Pre-College Computational Biology provides extensive training in both cutting-edge laboratory experiments to generate biological data and the computational analysis of the data that these experiments generate.
Statement on COVID-19
Because Carnegie Mellon University is holding its summer session online this year, we are transitioning the 2020 offering of the PreCollege program in computational biology to an online format.
The overarching focus of our program is to provide an unparalleled learning experience for our students by helping them explore the beautiful computational approaches that can be used to analyze biological data. This primary goal has not changed.
We are disappointed that we will not get to interact with our students in person this year, but we see the transition to online delivery as an opportunity. For one, we will be reaching out to each of our students soon to start a conversation between our students and our dedicated instructors as early as possible. We are also rethinking best practices for delivering our program online, given that our students will be spread across different time zones, and we describe our plan below.
We will be providing an asynchronous, self-paced coding bootcamp for our students in advance. Because students complete the coding bootcamp on their own time, we will be able to hit the ground running the first day of our classes. The program itself will transition from a traditional classroom format to a high-octane hackathon format in which students work in breakout groups to solve real problems in biological data analysis with instructor guidance. Instructors will also provide mini-lectures connecting the different parts of each day’s hackathon, along with further asynchronous materials that students complete between sessions. Even though we will not have access to a lab, some of the lectures provided will describe the beautiful experimental approaches that are needed to generate the data that we have access to. Furthermore, we will show just how much analysis can be done using publicly available data, including data that were generated by students in last year’s program.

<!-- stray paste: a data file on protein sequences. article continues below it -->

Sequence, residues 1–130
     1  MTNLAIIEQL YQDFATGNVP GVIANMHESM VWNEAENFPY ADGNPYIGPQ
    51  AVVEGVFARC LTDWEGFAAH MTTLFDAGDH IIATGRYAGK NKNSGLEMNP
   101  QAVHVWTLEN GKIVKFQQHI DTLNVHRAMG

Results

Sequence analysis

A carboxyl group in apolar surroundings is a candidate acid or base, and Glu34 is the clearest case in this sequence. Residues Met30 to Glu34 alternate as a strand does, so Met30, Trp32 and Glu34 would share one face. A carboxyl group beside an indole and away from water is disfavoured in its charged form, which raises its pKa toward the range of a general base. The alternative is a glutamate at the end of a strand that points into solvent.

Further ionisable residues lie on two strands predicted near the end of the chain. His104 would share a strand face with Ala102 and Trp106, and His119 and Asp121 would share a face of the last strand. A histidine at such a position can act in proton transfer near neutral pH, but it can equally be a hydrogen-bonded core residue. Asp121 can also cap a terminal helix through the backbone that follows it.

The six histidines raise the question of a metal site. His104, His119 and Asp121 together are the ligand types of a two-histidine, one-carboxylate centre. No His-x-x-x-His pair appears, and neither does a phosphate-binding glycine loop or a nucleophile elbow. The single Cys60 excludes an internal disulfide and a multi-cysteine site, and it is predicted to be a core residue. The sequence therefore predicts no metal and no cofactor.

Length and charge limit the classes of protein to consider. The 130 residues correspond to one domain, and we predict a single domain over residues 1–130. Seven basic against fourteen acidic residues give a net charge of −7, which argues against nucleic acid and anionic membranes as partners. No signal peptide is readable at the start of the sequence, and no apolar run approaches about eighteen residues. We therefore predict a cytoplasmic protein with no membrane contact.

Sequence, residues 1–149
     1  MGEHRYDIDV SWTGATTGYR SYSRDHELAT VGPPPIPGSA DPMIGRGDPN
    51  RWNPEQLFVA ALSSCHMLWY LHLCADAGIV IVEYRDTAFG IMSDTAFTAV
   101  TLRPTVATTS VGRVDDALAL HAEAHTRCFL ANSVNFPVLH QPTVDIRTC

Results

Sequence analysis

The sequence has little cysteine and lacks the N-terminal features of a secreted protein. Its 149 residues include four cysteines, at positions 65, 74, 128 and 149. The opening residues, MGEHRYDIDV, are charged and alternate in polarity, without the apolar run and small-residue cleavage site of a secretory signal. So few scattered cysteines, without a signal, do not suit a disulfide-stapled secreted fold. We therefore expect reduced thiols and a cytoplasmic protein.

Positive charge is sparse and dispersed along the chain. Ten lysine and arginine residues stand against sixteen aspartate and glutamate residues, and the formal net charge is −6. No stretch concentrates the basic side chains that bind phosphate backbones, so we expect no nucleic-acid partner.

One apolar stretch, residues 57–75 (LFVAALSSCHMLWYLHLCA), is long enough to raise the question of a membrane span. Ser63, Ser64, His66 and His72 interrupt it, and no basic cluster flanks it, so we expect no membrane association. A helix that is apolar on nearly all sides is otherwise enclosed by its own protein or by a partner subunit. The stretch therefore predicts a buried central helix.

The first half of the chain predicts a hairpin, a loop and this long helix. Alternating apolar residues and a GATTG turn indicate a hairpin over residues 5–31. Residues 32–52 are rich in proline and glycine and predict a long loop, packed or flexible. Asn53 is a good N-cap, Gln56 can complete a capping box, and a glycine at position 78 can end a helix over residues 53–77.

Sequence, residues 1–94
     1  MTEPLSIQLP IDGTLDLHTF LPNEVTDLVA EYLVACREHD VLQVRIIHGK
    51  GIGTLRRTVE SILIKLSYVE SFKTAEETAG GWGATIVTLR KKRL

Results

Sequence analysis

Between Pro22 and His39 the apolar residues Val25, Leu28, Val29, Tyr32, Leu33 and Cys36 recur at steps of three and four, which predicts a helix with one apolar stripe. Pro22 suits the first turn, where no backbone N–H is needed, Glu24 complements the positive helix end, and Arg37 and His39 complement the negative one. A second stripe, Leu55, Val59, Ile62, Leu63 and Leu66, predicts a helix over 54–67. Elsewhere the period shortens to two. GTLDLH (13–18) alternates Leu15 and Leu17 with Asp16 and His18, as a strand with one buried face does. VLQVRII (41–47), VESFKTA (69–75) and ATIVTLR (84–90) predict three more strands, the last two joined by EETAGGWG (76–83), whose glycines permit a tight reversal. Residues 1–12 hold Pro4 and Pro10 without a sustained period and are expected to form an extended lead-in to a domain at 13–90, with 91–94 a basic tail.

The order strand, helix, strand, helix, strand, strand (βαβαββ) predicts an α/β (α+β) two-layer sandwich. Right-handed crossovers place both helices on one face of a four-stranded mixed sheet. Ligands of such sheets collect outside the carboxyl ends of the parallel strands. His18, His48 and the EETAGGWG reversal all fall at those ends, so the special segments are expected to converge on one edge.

Finally, biological research is at the forefront of today’s news, as researchers scramble to study the coronavirus and build a vaccine. We will see how computational analysis can be used to identify the origin of the virus and track how it is mutating as it spreads throughout the human population.
In short, we will need to make changes to our program to ensure a great student experience, but we are optimistic and very excited about getting to train a wonderful group of young learners. We can’t wait until this summer.
Biological and medical research have become fully fledged computational disciplines. Tomorrow's life scientists will need deep knowledge of not only the laboratory techniques for generating experimental data but also the rigorous computational techniques necessary to analyze and model these data. The Pre-College Computational Biology program offers an unparalleled experience for high school students to explore this relationship in a university setting.